The Athens, Pennsylvania Planning Commission has put a hold on Wal-Mart’s plans to expand its discount store there into a supercenter. There is a 104,000 s.f. discount store at 1887 Elmira Street. The nearest supercenter is 23 miles away in Horseheads, New York. Athens, located in Bradford County, has a population of just over 5,000 people. The Wal-Mart proposal for Athens calls for the construction of a 175,000 s.f. superstore on the site of the former Bob’s Honda — which is directly behind Wal-Mart’s current discount store. Their current store is 104,000 s.f. according to the Morning Times newspaper. This week plans were put on hold because the township wants its engineering consultant to review the company’s revised plans. The township had begun to review the plans, but Wal-Mart has changed its footprint to add another 10,000 s.f. to the store, making it a 185,000 s.f. store. The retailer is also expanding its garden center plan, and eliminating the tire and lube center. The existing store will be torn down, and the Wal-Mart lot shifted slightly to the north. Some of the parking lot’s asphalt covering will be “converted back to green space,” the newspaper reported. The new store’s entrance will be located on Elmira Street exactly where the old store’s entrance was. The new building will expand the size of the existing store by 78%. Over the past 17 years, the population in Athens township has increased by only 267 people, so the new store is designed to take away market share from existing food stores, which are mostly Mom and Pop operations in this small town. The Pennsylvania Department of Transportation has told planning officials in Athens that there will be no need to modify the roadway near the entrance, and that the highway occupancy permit will not need to change, despite the significant traffic increase that will take place as this store almost doubles in size. Now that Wal-Mart owns the Bob’s Honda lot, trucks coming to the store will have their own access road to the back of the store off Winslow Street.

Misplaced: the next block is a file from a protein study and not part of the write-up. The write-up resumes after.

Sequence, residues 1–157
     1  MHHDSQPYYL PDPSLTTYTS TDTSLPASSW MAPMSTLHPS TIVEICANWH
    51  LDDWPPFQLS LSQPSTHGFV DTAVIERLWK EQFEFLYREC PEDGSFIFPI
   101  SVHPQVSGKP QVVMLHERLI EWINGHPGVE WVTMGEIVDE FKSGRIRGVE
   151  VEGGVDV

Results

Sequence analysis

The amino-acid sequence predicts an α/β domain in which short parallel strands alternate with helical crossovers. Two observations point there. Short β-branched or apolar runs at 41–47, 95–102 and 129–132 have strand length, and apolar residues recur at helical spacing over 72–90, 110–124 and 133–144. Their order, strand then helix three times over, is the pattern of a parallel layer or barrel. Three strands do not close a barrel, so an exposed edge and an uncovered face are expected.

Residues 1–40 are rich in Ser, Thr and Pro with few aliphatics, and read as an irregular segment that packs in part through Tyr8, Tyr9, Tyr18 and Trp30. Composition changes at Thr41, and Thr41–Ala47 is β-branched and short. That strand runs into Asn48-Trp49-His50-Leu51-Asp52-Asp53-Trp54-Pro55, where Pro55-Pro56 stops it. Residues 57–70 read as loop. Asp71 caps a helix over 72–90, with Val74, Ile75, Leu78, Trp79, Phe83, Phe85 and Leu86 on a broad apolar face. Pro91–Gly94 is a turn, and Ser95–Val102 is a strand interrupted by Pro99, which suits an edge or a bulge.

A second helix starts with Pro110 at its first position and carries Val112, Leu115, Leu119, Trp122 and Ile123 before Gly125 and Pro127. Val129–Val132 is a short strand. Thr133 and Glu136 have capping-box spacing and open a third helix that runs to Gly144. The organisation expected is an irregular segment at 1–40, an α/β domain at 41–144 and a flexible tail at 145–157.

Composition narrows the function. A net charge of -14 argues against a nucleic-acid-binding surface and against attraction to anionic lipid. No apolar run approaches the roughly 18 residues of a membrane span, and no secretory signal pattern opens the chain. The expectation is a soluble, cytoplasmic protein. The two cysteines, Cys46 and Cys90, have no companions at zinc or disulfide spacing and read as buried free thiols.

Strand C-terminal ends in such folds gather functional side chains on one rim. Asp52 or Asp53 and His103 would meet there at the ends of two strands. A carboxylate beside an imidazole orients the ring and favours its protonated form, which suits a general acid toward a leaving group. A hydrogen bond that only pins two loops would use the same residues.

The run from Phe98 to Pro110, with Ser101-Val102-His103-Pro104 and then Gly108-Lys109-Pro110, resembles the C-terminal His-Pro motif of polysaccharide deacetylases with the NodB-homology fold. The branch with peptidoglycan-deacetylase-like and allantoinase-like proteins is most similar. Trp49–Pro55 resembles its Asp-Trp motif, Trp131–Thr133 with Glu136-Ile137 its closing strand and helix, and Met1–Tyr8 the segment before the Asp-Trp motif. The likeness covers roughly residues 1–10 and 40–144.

Officials in Athens, Pennsylvania have no need to approve this proposal, or even to be spending any time on it at all. The existing Wal-Mart in Athens is 104,000 s.f., which is large enough for the retailer to convert its existing store into a supercenter without expanding its footprint at all. Wal-Mart could renovate the interior of the store into a supercenter, as it has done with other stores this size, and avoid the permitting process, create almost two acres of “green space” and end up with a less expensive, more sustainable store than the huge superstore they have in their plans. This process of reconfiguring existing stores is called an “in-box conversion,” and public officials in communities like Athens should be insisting that an existing store nearly two times the size of a football field is large enough for a small town, and that a larger facility is not in scale or character with the rest of the built environment in their community. The proposed Wal-Mart in Athens would be the larget retail building in the history of this small community. Wal-Mart can have its grocery, and its discount store doesn’t have to be torn down, by doing an in-box conversion. Readers are urged to call the Athen Municipal offices at (570)888-2325 and leave a message for Planning Commission member Cliff Cheeks: “Dear Commissioner Cheeks, the Wal-Mart expansion is totally unnecessary. Wal-Mart should not be allowed to tear down its ‘old’ store just to build a larger one. Ask them first to explain why they can’t just do an ‘in-box conversion’ that would turn their existing store into a supercenter. That way they would need no township approvals, no permits, and no controversy. They have done this elsewhere, and should be asked to consider it in Athens. If you allow this huge superstore to move forward, all you are doing is taking sales from existing merchants, especially your local grocery stores. Don’t look at this project as a jobs and revenue plan — it’s just shifting existing market share to a national chain store. You know that the township’s population has barely inched forward over the past two decades — so suddenly increasing Wal-Mart’s footprint by 78% is only going to capture sales at other stores — because you don’t have more consumers to absorb all this square footage. Little Athens does not need a big superstore. This proposal is environmentally wasteful. You can’t buy small town quality of life on any shelf at Wal-Mart. But once they take it away from you, you can’t buy it back at any price.”